These products render manual operation from building occupants—one of the most difficult-to-control influences on a building’s environmental impact—unnecessary, as the BMS detects when it is optimal to open and close windows, and to operate the HVAC.

Some of the problems associated with the manually operation of a building’s HVAC and natural ventilation, like occupants leaving windows open with the HVAC on for example, can therefore be avoided with automated mixed-mode air-conditioning.  

Below are six automated window systems and five new air conditioning systems that could benefit your mixed-mode ventilation:


coltite_edited-1.jpgColtite by Colt International Pty limited

Most versions of Coltlite are classed as dual purpose ventilators, providing both day to day and smoke control ventilation. It can also be installed either for low level air inlet or for high level extract. Options include pneumatic, electronic or manual controls and a wide range of louvre types, accessories and finishes.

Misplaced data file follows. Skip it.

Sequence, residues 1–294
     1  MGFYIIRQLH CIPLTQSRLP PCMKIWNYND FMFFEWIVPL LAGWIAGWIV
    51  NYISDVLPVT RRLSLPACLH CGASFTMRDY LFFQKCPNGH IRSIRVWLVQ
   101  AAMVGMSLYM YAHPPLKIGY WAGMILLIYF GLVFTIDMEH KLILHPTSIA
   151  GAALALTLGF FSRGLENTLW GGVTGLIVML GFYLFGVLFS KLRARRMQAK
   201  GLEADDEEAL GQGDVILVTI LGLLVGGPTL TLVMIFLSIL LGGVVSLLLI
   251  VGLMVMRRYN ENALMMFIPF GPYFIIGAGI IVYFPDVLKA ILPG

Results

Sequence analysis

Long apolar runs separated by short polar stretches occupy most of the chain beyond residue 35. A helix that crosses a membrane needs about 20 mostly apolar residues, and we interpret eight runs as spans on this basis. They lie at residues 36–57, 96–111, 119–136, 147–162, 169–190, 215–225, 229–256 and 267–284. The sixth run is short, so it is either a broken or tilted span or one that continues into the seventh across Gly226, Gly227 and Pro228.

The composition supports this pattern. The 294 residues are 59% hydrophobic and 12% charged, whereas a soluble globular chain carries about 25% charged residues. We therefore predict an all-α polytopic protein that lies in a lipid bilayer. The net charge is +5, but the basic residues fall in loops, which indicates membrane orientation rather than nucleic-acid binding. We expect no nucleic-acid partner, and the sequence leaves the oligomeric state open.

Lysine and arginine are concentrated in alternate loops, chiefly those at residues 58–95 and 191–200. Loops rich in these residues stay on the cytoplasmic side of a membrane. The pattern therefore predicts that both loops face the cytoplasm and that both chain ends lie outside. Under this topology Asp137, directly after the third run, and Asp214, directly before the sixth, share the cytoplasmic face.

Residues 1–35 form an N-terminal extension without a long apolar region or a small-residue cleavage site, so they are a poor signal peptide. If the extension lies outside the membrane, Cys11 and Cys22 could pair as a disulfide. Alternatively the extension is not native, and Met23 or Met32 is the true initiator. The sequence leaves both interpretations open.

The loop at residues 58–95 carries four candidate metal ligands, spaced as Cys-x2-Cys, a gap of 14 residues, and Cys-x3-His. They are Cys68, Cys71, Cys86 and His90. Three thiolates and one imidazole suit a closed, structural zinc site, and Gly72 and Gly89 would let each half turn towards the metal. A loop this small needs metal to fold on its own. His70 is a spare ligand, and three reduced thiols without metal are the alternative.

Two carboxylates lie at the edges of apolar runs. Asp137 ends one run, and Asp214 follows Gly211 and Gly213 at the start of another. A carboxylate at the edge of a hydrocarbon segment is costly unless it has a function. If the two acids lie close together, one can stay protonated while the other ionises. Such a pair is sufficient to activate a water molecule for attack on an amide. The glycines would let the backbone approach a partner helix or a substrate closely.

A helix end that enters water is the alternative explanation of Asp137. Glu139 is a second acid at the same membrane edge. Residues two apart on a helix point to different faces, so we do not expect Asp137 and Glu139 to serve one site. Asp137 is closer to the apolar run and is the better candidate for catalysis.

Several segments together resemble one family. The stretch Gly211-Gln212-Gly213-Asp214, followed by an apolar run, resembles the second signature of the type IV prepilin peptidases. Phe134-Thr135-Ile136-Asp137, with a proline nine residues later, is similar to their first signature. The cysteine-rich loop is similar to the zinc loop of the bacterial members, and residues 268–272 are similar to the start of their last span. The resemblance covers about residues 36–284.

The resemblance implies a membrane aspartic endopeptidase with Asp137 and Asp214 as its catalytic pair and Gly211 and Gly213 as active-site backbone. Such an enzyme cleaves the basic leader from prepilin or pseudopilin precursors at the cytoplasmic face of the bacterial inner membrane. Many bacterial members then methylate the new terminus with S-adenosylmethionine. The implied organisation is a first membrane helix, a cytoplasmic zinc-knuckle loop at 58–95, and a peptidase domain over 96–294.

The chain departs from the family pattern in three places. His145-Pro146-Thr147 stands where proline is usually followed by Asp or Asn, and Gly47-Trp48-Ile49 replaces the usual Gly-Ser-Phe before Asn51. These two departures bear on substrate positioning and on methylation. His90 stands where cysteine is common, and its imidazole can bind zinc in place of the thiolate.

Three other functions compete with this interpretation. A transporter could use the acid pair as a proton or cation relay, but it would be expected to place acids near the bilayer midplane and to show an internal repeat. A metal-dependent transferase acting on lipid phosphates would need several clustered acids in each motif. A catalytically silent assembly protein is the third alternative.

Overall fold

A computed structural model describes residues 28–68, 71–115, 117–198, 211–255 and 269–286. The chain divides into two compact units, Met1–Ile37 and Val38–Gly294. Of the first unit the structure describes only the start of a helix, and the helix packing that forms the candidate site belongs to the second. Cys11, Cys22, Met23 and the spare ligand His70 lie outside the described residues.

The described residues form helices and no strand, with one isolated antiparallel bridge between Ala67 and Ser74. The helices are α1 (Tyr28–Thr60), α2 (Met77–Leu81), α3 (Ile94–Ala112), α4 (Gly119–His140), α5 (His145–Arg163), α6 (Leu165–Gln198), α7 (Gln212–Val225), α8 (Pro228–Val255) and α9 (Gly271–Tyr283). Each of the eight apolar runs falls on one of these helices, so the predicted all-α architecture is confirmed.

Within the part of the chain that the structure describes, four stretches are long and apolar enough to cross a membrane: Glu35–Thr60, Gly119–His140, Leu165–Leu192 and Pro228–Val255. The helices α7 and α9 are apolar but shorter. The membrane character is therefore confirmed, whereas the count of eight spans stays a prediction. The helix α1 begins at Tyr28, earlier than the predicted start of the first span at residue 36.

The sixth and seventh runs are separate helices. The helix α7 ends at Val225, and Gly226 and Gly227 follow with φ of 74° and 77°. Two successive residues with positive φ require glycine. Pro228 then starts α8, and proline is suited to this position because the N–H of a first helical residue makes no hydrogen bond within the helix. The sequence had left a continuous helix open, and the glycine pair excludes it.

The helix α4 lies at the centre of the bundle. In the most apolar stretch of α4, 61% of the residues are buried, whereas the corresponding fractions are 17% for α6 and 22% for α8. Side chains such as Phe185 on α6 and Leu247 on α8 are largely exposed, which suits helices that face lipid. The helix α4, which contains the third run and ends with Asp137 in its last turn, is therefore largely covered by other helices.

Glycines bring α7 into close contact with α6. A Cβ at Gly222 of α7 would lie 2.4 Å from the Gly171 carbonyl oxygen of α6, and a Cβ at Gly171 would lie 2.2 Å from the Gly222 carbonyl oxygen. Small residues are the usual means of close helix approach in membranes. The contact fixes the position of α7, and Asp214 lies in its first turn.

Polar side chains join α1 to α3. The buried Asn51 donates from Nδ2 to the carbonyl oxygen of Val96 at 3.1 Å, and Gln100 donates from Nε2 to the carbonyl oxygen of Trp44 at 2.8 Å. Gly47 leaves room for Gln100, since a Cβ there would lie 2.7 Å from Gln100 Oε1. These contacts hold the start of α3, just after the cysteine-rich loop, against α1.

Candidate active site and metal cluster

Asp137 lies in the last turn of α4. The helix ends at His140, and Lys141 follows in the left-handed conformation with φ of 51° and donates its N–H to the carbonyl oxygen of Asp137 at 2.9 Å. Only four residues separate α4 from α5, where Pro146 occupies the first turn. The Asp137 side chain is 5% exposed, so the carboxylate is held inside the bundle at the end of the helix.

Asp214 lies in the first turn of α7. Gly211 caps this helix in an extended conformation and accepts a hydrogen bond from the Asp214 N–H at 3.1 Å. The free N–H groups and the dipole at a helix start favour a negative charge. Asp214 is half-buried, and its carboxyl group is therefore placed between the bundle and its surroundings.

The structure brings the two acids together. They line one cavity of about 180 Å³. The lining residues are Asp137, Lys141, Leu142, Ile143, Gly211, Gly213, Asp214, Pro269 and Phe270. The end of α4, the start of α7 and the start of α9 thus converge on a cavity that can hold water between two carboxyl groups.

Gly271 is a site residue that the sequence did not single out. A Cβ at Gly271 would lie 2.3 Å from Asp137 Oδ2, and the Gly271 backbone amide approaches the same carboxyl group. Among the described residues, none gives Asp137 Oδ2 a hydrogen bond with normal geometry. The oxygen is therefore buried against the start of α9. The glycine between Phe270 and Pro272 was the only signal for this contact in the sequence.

winco.jpgSchneider Louvre LF550 by EBSA 

This louvre window system contains a pivoting aluminium window louvre system with concealed motor and mechanisms that can be fully integrated into the Business Management System and Fire Indicator Panel.

These single glazed frameless louvre windows have an opening pivot of up to 90 degrees, which encourages natural ventilation into the building and when closed the windows are completely water tight with the high quality German manufactured mechanisms hidden in the mullion.

kintrol.JPGTOPP automated window systems by Kintrol Pty Ltd

Kintrol Australia is the authorised Australian distributor of award winning TOPP automated window systems. Kintrol’s range includes everything from louvres to casement windows all of which can be synchronized to air conditioning, security units and fully home automation like BMS systems.



breezeair.JPGAltair Powerlouvre Automated Windows byBreezway